So back to my layer height tests; I noticed that when I entered in a layer thickness of around 20 microns and tried to view some pieces with the layer filter on, the piece would cease to render in the screen or render really really slowly but only at a specific height (I have 32Gb of RAM, I don't think it's a memory issue). The camera pans up and down as if the layers were sequentially being rendered, but the piece is not actually being rendered. Has anyone else run into this issue? Will the printer still print the full piece regardless? I'm assuming so because it spits out the Gcode alright. Also, is there a way to pan in Cura? It seems like such a simple question, I should have found the answer by now, so I hope the answer is no, but really I would like to pan the camera around. One more thing, if anyone wants a nut or bolt .stl file just send me a message and I'll go about generating one for you, I'll also post the .stl files. I would like to do tests of different thread sizes at different resolutions with different materials and document how well different combos work. I have access to an Instron machine at work, perhaps I could do this all official like with graphs and such, I can also simulate them in SW using the actual print material to test the print version vs the full solid version in the simulation.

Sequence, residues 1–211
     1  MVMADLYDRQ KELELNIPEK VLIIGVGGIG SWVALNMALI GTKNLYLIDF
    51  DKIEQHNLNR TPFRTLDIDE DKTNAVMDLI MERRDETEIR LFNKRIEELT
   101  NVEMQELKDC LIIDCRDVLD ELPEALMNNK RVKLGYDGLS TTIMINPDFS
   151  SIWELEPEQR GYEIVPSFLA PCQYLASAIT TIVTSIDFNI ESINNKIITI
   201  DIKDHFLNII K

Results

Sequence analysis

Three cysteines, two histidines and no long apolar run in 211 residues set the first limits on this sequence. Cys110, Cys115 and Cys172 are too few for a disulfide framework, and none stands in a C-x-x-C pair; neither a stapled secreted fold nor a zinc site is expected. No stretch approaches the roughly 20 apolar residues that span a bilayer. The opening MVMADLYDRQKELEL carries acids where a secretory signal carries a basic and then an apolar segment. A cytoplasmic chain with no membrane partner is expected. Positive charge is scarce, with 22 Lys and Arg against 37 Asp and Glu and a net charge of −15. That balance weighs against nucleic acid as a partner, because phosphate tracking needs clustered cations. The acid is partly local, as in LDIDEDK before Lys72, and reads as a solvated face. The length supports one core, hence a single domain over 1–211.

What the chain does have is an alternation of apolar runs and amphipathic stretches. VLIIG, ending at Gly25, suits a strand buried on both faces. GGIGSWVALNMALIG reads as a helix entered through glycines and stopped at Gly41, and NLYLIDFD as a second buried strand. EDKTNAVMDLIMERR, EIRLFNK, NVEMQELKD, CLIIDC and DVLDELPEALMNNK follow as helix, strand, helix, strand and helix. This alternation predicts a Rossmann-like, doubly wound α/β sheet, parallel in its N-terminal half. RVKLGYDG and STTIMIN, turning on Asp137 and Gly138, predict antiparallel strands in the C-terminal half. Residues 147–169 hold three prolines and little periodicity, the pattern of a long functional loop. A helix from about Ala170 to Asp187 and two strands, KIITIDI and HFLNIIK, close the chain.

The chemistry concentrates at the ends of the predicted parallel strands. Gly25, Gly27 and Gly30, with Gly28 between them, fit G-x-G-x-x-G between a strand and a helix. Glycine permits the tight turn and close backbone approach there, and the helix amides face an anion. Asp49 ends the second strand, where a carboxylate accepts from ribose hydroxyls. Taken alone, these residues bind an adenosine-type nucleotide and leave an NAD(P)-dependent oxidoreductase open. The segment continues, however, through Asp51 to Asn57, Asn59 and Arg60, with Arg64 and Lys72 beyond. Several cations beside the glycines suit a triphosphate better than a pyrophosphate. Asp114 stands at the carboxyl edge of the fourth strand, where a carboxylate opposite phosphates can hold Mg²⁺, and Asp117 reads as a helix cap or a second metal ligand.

http://www.thingiverse.com/thing:214891

 

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Welcome, and thanks for the post: I'll be interested to see how you get on when your printer arrives.

There's a rather nice (and quite new) manual for Cura, here:

https://www.ultimaker.com/spree/uploads/38/original/Cura_User-Manual_v1.0.pdf

That confirms that the shortcut for panning is shift-right-click. :-)

20 micron layer height is rather small - although maybe necessary for the sort of fine threads that you're playing with. In theory the printer can go that fine, but prints will take a very long time. For most things, 60 microns is about as fine as your usually need to go, and you can often get away with 100-200 micron layer heights, and still get nice results.